African Methodist Episcopal minister and bishop, was born of mixed parentage in Charleston, South Carolina, where he spent his early and middle years. Apparently self-educated, he worked as a boot maker and shoe repairman; he married Maria (maiden name unknown), with whom he had six children. Associated with the city's community of free people of color, Brown earned a reputation for assisting slaves in purchasing their freedom and for teaching and advising both free and enslaved African Americans in the region.

Soon after his religious conversion and his joining of the Methodist Episcopal (ME) Church, Brown was licensed to preach. In that role he had greater access to the slave population as well as to groups of free African Americans. As the number of blacks grew, both generally and within the African church in Charleston, Brown emerged as their leader. As a result of an 1816 dispute over a ...

Article

Charlton W. Yingling

abolitionist and black rights activist, was born to a woman of African descent, probably named Eugenie, who was from French Saint‐Domingue (later Haiti). He was allegedly the unrecognized son of Aaron Burr, U.S. Senator from New York and the third vice president of the United States, and he was likely not the only child of this relationship. John P. Burr was also known as Jean‐Pierre Burr, which was probably his birth name. His mother was, by all accounts, a governess for the Burr family who was hired to care for their children during their stay in Saint‐Domingue. The majority of sources indicate that Burr–s mother was Caribbean‐born and of African descent, though one later source says she was originally from Calcutta. John P. Burr may have been born in New Jersey, and he was described as being very fair‐skinned.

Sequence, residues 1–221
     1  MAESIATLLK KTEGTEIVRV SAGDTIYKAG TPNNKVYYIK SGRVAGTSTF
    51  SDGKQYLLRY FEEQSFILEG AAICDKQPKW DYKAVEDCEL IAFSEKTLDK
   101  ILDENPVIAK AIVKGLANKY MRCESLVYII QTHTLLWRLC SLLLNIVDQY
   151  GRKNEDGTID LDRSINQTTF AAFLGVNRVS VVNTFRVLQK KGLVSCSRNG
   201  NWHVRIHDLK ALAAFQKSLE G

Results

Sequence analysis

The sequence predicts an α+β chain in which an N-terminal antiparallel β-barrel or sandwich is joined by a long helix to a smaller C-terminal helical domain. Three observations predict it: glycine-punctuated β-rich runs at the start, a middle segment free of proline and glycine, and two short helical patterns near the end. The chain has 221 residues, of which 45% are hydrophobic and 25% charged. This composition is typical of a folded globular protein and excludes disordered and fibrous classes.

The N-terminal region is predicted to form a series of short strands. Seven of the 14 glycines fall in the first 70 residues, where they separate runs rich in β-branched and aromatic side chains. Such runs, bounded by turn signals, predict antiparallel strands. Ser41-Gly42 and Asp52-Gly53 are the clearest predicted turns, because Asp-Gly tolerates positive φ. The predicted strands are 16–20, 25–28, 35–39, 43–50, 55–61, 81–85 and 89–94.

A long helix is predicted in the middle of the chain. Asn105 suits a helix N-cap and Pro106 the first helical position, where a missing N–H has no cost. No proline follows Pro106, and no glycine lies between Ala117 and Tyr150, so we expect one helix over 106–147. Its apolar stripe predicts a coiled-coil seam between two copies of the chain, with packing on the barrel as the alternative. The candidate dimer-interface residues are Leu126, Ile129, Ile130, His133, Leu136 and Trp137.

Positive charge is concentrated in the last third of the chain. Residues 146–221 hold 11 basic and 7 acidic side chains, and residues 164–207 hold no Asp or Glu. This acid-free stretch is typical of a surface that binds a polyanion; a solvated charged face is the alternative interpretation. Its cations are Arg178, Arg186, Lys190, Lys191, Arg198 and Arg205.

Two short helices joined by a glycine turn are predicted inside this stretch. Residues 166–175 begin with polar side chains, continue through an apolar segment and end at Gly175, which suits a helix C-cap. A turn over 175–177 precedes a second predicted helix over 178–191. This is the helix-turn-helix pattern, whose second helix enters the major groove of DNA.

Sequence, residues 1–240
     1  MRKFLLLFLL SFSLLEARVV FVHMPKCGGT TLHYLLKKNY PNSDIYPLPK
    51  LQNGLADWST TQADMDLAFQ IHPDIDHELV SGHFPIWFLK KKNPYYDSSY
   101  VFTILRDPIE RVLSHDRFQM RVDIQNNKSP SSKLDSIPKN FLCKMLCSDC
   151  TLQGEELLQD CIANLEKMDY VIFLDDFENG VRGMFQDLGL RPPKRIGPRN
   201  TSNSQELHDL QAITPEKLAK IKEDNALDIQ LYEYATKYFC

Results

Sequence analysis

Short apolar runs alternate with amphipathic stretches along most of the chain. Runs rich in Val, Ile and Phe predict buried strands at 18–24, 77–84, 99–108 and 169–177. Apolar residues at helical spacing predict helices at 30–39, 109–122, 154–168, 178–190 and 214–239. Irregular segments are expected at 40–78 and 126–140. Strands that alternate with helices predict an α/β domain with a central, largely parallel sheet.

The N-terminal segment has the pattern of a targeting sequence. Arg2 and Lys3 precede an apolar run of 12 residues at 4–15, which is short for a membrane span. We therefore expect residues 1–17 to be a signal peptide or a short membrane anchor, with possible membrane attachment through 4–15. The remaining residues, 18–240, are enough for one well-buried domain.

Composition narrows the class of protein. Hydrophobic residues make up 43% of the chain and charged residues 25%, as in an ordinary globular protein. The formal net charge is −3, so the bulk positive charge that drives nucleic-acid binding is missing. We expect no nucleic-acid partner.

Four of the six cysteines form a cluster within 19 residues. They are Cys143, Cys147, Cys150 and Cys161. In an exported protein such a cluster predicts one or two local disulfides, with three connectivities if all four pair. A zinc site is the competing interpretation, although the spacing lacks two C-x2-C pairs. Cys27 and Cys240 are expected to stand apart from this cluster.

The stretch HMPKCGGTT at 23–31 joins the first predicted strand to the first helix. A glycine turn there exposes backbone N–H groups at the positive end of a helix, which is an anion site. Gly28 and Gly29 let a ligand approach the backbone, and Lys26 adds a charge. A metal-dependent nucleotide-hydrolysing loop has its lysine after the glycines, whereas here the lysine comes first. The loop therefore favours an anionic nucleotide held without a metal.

By 1818 Burr had made his home in Philadelphia ...

Article

Donald R. Wright

Atlantic trader and early African colonizationist, was born on Cuttyhunk Island off southern Massachusetts, one of ten children of Kofi (later Cuffe) Slocum, a freed slave originally from West Africa's Gold Coast, and Ruth Moses Slocum, a Wampanoag Native American, both farmers. Kofi Slocum's Quaker master freed him in the mid-1740s and, although he was excluded by race from membership in the Society of Friends, Kofi and Ruth Slocum lived by Quaker principles—hard work, frugality, and honesty. This diligence paid off in the 1766 purchase of a 116-acre farm in Dartmouth, Massachusetts, on Buzzard's Bay. At his death in 1772 Kofi bequeathed the farm to his sons Paul and John.